3.3 Supraglacial river and lake quantification
To characterise the extracted supraglacial drainage system, metrics were calculated for both rivers and lakes. These metrics are summarised in Table S2 and include meltwater area (km2), meltwater area fraction (MF, %), drainage density (Dd), the number of supraglacial lakes (Ln) and supraglacial lake area (La). MF is defined as the percentage total meltwater area across the drainage catchment below a conservative upper melt limit of 1500 m a.s.l. for each date mapped, which is then also further divided into separate feature ratios including river area fraction (RF) and lake area fraction (LF). MF was also calculated across 100 m elevation contours from above the heavily crevassed zone at 200 m a.s.l., to the maximum melt extent at 1500 m a.s.l. To explore the relationship between remotely mapped drainage and modelled RCM MAR runoff (R), a Spearman's rank correlation (rs) was performed and linear regression analysis undertaken with subsequent R2, rs and P values reported.
4.1 Spatial characteristics of the supraglacial drainage network
Supraglacial rivers and lakes were mapped from a total of 44 dates across the lower, melt-prone 13 488 km2 HG drainage basin from the melt seasons of 2016 to 2020. The mapped supraglacial drainage network across HG is shown extend up to 1440 m a.s.l., with well-developed, main-stem river channels occurring up to 1000 m a.s.l., which we characterise as the persistent zone, and an ephemeral network of tributary-style rivers and slush zones extending beyond 1000 m a.s.l. in a transient zone up to maximum extent (Fig. 4a). Active supraglacial rivers and lakes form progressively upglacier from low elevations (200 m a.s.l.) to a maximum of 1440 m a.s.l. as the melt seasons progress across the study period, with interannual variability observed.
Within the lower-elevation regions (< 400 m a.s.l.) of HG, collectively the supraglacial drainage network is largely fragmented, with many short (< 750 m long), supraglacial rivers observed alongside small SGLs with an average size of 0.23 km2, which is the smallest observed across all elevation bands. At greater elevations, beyond 400 m a.s.l., we observe large, main-stem supraglacial rivers, some with incised-canyon features (Fig. 2b), interconnected with increasingly larger SGLs. At elevations > 1000 m a.s.l., average SGL size is 0.41 km2, with a maximum SGL size of 2.08 km2. SGLs and rivers parallel to ice flow tend to be highly persistent year-on-year across the study period. In Fig. 4b, we also see some evidence of a potential main-river reconfigurations, with the northwestward advection of a river channel that runs transverse to ice flow. In the upper parts of the catchment, the supraglacial drainage network becomes increasingly dense, especially between 800–1000 m a.s.l., where we see a 120 % increase in average meltwater area (94.5 km2) compared to 200–400 m a.s.l. (42.9 km2), a 79 % increase compared to 400–600 m a.s.l. (54.2 km2) and a 10 % increase compared to 600–800 m a.s.l. Not only are persistent main-stem rivers still present up to 1000 m a.s.l., but an extensively connected tributary river system is also observed within this persistent zone.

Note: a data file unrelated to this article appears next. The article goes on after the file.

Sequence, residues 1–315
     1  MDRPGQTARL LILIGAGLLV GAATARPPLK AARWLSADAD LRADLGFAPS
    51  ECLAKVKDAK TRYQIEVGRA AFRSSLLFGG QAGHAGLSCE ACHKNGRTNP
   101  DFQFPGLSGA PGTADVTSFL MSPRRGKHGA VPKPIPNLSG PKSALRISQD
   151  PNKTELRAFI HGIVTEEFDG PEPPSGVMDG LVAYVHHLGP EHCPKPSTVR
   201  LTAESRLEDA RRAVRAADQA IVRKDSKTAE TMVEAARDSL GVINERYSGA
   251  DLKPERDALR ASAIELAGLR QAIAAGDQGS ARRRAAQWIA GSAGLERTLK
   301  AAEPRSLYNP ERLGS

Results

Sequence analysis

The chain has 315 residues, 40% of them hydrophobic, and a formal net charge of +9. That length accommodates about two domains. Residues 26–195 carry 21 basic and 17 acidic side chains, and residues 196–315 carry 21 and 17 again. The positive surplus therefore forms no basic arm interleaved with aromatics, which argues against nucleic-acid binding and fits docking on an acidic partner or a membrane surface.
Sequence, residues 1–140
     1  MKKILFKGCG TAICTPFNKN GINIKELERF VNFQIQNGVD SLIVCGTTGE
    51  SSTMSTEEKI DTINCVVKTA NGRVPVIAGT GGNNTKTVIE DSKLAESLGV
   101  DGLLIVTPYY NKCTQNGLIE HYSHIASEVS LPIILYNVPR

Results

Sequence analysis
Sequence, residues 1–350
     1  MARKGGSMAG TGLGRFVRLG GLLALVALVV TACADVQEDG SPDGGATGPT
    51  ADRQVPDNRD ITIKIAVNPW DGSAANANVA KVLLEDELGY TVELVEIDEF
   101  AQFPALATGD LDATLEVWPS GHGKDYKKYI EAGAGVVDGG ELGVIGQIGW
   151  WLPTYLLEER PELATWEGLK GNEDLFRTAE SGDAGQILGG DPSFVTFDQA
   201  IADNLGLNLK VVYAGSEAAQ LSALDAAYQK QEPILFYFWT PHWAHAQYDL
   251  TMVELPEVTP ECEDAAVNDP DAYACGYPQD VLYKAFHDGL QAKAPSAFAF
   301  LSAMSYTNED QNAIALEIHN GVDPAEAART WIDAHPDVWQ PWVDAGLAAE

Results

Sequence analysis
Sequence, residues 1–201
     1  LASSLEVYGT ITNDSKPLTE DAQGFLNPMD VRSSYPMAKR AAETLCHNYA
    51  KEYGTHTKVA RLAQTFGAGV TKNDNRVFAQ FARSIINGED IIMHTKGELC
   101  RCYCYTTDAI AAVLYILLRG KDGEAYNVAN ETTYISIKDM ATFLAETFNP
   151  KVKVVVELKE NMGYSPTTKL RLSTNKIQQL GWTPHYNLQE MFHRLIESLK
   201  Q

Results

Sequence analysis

The drainage network up to 1000 m a.s.l., in particular within the central and northern reaches of HG, is dendritic in nature (Fig. 4c). This type of drainage, however, is not uniform across HG, with the supraglacial network to the south exhibiting a more sub-parallel drainage style (Fig. 4e), with this configuration extending beyond the persistent zone and into the more transient zone with slush zone development and inland evolution a key part of the temporal aspect of the network at higher elevations (Fig. 4a). Even though density remains high until 1300 m a.s.l., vastly transient tributary rivers and slush zones dominate, feeding meltwater from headwater regions downstream. In terms of SGLs, the maximum recorded elevation was 1346 m a.s.l. both in 2019 and 2020. Fewer SGLs are observed in the transient zone, accounting for 16 % of total SGL area across the study period. However, average SGL area increases with elevation, with lakes in this zone being 54 % larger (0.4 km2) on average than those found below 1000 m a.s.l. (0.26 km2). The single largest SGL size of 2.08 km2 was recorded in 2016 at 1150 m a.s.l.
A key feature that is particularly prominent in the supraglacial drainage network is the presence of two parallel lines that track across glacier from the southwest to the northeast (Fig. 4a). Many supraglacial rivers and lakes are aligned along these two features, which appear as depressions in the ice surface, with the abrupt termination of many rivers indicating meltwater capture via moulins, indicating a strong structural element influencing drainage configuration.